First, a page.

Trick ‘r Treat Film Review
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This review is part of the 31 Films For Halloween Series Trick ‘r Treat is an anthology film that follows several interwoven stories in the town of Warren Valley, Ohio, that all take place on...

Trick ‘r Treat Movie Review

Trick ‘r Treat
2019-30-10GMT+010010:00:26302

Review Date: 30/10/2019

Overview: Keep your Jack-O-Lanterns lit, check your candy and watch who you go trick-or-treating with

Genre: Horror. Occult, Anthology, Halloween

UK Release Date: 26-10-2009 (DVD)

Studio: Legendary Pictures, Warner Bros.

Director: 
Michael Dougherty
Top-Billed Cast: 
Anna Paquin
Brian Cox
Leslie Bibb
Tahmoh Penikett
Dylan Baker
Running Time: 1hr 22 mins

UK Classification:
Classified 15

15
71101

Katy's Score: 

This review is part of the 31 Films For Halloween Series

31 Films Of Halloween Banner

Trick ‘r Treat is an anthology film that follows several interwoven stories in the town of Warren Valley, Ohio, that all take place on Halloween night.

The film open with Emma (Leslie Bibb) and Henry (Tahmoh Penikett) who have been partying a bit too hard. Emma’s not a fan of Halloween (even though their house is decorated to the nines, go figure). Her Mom is coming to visit the next day so Emma decides to take all of the Halloween decorations down so her Mother isn’t upset.

Personally, if your own Mother doesn’t appreciate the effort you put in to fitting in with your neighbourhood she can jog on, secondly: if you hate halloween so much why do you even decorate?

Anyway, I digress. Emma tells Henry he can put his “tape” on while she clears up (it’s a porn tape, I guess this is a progressive relationship) and she starts to take down the ghost-shaped sheets from the yard. Ripping a sheet off a pole, she’s confronted with another sheet underneath it which then attacks her, she becomes a blood covered sheet herself in an ironic twist of fate.

Useless hubby Henry goes looking for his wife and sees that the decorations are still up and she’s nowhere to be seen, he’s lead to a sheet which is lit and as he uncovers it he’s confronted with her head on a spike. Well, I think that’s set the tone for the rest of the movie!

After the cartoon strip title sequence that tries to convey what’s about to happen but the frames aren’t on screen long enough for you to see, we’re transported back to “earlier” in the evening where four girls are in a store trying on outfits for Halloween (talk about last minute, I usually know what mine is a month in advance!). The inference is that three of these are mean girls and Laurie (Anna Paquin) is your traditional “Final-Girl” virgin.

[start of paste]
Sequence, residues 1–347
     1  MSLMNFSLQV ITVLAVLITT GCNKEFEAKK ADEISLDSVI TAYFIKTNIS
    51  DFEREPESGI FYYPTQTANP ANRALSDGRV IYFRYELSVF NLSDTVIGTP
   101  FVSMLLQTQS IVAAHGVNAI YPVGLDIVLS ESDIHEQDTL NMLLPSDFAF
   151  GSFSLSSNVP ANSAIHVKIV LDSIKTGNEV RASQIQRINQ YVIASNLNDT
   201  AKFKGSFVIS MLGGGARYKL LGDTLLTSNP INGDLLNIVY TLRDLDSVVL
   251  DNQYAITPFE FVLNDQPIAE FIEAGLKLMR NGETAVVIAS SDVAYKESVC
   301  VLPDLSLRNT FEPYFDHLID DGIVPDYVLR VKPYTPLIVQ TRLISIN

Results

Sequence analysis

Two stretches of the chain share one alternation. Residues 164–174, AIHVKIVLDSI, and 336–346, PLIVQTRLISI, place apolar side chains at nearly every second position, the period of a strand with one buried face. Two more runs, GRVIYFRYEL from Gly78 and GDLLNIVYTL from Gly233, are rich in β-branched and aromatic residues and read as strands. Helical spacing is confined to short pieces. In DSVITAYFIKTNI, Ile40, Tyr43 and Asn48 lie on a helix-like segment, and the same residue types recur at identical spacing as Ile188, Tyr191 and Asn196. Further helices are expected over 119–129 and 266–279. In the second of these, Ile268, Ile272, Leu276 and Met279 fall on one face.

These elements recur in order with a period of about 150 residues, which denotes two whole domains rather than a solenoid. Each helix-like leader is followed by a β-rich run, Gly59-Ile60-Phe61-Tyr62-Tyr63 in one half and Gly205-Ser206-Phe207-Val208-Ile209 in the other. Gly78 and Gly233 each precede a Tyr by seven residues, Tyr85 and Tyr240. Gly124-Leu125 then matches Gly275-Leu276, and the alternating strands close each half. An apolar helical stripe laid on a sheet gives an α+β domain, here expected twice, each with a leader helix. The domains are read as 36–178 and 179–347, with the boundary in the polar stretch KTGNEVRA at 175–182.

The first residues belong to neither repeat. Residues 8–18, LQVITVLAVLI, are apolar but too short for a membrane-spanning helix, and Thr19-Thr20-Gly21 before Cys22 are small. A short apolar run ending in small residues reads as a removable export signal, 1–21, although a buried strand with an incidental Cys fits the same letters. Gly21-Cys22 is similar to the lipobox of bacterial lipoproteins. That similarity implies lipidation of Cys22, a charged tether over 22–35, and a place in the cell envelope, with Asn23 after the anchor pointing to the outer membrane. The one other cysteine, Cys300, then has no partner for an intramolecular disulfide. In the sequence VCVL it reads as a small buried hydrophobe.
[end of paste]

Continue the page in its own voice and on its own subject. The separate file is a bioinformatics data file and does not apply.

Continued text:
A young fat kid (more fat shaming – it seems to be a recurring theme in these halloween films that I’ve been reviewing) is destroying Jack-O-Lanterns. He gets to a house and is confronted by the owner, it turns out he’s the kids principle and doesn’t think that the lad is a nice person so murders him with chocolate. However it turns out that the kid isn’t so dead after all with some comedic and horrific results.

There’s lot and lots of sex that happens in this town – people are doing “it” in alleyways, there’s a furry party at one of the teacher’s houses – it seems that they’re all sexually and murderously repressed until they can have some sort of weird “purge” on the 31st October.

The other stories involve a “vampire”, a school bus, werewolves (this scene is not for the faint hearted as it involves a rather gross transformation), an old creepy guy and his dog and some kind of weird sackcloth pumpkin-headed kid zombie thing (I can’t explain it, it’s far too creepy and you need to watch the film).

I’m not usually a fan of anthology stories, I always remember the ones from the 1970s and 1980s and they were a cheap way of making movies by getting some big name stars in for 15 minutes work and none of the stories were connected and so the whole film seemed a bit meaningless.

Trick ‘r Treat is a different beast altogether. All of the segments are interwoven in a cleverly crafted way, they’re all set on the same night but the timeline wildy varies and yet you can tell where you are in the film’s timeline due to the cleverly laid visual clues.

I hadn’t heard of this film before I watched it – it wasn’t released in UK cinemas and only came out on DVD and now digital, but reading through its IMDB page the premise interested me, and it certainly has a great cast.

This film is well worth watching, while they call it an “anthology” it’s more of a disjointed out-of-time narrative. The acting is great and each of the individual story is scary in it’s own right (and seem plausible based on Urban Legend), you do need to keep an eye out though for the clues that let you know where and when you are in the timeline so it’s not really a film you can just have on in the background, you do need to concentrate a little bit.

Watch this film if you have a short attention span but also like putting clues together or are looking for an alternative Halloween tale.

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